The 30-second briefing: What is the zone of proximal development?

18th May 2016 at 15:49
Learning zone
Teacher educator Sarah Wright tells you everything you need to know about the zone of proximal development in just 30 seconds

What is the zone of proximal development?

It might sound like something out of Star Trek, but the zone of proximal development (ZPD) actually sits within Lev Vygotsky’s sociocultural theory of learning, which looks at the influence of social interactions in learning, amongst other things.

What does that mean?

The basic idea of the ZPD is that we need to identify where a learner is and the level of guidance they will need to achieve the next step in a task.

The gap between what a learner can do unaided and what they cannot do is the ZPD. This diagram illustrates the theory:

Zone of proximal development

That still sounds a bit woolly. How do I translate all this to my pupils?

A German pedagogue called Tom Senninger created a child-friendly model based on ZPD. He renamed the three zones as: the comfort zone, the learning zone and the panic zone.

The comfort zone is where a learner feels stable, but unchallenged. The learning − or “stretch” – zone is just outside of the comfort zone. This space offers challenge and asks children to take risks in their learning. The learning zone is what we are aiming for, but if we push pupils too far, Senninger suggests, they will reach the panic zone, where they will be stressed, fearful and disinclined to learn.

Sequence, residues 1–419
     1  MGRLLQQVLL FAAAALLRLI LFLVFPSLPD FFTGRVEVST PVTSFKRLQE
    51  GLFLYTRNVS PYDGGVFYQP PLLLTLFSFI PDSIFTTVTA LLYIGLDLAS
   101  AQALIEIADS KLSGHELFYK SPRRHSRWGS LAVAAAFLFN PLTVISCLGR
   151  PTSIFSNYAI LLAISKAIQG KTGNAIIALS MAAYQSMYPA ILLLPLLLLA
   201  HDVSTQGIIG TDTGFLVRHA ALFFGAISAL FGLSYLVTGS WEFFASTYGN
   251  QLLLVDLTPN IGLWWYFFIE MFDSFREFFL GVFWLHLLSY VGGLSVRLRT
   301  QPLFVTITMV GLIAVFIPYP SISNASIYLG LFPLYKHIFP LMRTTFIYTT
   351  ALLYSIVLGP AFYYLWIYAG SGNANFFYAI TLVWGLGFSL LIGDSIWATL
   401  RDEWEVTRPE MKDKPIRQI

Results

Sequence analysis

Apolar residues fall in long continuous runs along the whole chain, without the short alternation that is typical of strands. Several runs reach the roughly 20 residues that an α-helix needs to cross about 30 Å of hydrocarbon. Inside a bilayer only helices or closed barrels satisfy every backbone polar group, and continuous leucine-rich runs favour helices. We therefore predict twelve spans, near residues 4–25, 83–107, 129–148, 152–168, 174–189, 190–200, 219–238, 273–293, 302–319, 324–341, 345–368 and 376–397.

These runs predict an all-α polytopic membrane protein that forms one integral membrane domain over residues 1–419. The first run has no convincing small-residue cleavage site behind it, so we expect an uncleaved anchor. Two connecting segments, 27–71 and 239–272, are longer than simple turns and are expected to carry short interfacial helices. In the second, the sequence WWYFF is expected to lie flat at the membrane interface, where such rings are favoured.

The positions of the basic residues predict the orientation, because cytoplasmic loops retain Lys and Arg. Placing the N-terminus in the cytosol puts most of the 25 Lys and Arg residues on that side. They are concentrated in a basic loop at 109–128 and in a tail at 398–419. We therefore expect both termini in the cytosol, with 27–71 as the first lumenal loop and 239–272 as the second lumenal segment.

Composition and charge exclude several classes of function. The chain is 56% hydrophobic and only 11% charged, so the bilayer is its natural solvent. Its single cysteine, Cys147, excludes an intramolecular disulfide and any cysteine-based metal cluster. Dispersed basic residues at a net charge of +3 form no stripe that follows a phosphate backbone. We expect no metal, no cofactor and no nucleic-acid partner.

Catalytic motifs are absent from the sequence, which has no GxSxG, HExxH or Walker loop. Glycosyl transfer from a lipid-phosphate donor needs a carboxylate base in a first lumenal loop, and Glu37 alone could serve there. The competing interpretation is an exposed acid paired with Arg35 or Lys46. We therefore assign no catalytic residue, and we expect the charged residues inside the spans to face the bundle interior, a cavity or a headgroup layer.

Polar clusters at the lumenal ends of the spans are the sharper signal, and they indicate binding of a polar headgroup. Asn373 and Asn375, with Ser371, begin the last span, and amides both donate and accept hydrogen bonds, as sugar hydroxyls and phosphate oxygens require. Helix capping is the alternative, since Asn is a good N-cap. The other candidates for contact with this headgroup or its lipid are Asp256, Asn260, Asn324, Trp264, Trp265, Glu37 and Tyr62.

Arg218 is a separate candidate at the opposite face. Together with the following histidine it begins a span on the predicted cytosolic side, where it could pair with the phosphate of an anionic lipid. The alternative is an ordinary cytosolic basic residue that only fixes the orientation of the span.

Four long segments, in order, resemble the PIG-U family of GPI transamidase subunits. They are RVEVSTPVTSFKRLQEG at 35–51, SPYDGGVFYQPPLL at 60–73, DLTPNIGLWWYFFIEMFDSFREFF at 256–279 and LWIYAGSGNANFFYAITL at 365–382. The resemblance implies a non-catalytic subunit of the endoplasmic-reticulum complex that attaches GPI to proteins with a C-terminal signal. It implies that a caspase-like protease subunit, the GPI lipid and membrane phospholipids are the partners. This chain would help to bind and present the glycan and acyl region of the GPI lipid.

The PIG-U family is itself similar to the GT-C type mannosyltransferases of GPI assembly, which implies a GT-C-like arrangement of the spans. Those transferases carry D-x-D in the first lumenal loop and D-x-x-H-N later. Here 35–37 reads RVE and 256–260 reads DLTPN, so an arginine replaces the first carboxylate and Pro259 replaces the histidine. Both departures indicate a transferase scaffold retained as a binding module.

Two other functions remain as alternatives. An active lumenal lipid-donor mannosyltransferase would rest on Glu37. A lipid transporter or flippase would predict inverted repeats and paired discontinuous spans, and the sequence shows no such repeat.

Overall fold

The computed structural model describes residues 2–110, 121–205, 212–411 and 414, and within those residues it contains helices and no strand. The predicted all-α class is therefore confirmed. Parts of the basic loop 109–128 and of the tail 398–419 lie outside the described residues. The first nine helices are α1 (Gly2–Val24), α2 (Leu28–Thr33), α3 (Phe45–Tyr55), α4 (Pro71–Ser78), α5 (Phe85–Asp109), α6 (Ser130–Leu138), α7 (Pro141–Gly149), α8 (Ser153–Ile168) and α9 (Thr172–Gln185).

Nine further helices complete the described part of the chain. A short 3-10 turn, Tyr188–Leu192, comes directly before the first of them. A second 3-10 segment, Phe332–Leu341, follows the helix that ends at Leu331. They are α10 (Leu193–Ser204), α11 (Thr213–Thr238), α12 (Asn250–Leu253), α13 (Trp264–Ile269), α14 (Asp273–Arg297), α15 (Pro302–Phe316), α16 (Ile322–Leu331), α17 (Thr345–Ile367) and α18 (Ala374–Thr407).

That makes more sense, but does it work in the real world?

The ZPD often pops up in books about teaching or CPD sessions, but is often misused and misrepresented. For instance, it’s often used in conjunction with the term “scaffolding”, despite this never featuring in any of Vygotsky’s work.

Education has moulded the ZPD for its own purposes, as it does most theories. But the basic principle is worth paying attention to: trying to find that magic balance to create a task that is at just the right level for a child. If a task is too difficult, then children will panic or become disengaged, but if it is too easy then they will become frustrated.

Looking for that balance is surely something teachers do automatically. Why do we need a diagram to explain it?

The diagram can be a useful tool for the self-assessment of learning conditions. Have it displayed and ask your learners to think about which zone they are in. This means rather than just evaluating their own performance against a task, they begin to reflect on their own attitudes and feelings towards learning.

Is this something I should be using, then?

Absolutely. In primary, it works well as a large display – children can let you know which zone they are in by adding their name to the relevant circle. A more subtle approach for secondary pupils might be to ask them to draw the model in their margin and use an arrow to indicate where they are.

Sarah Wright is a senior lecturer at Edge Hill University. She tweets as @Sarah__wright1

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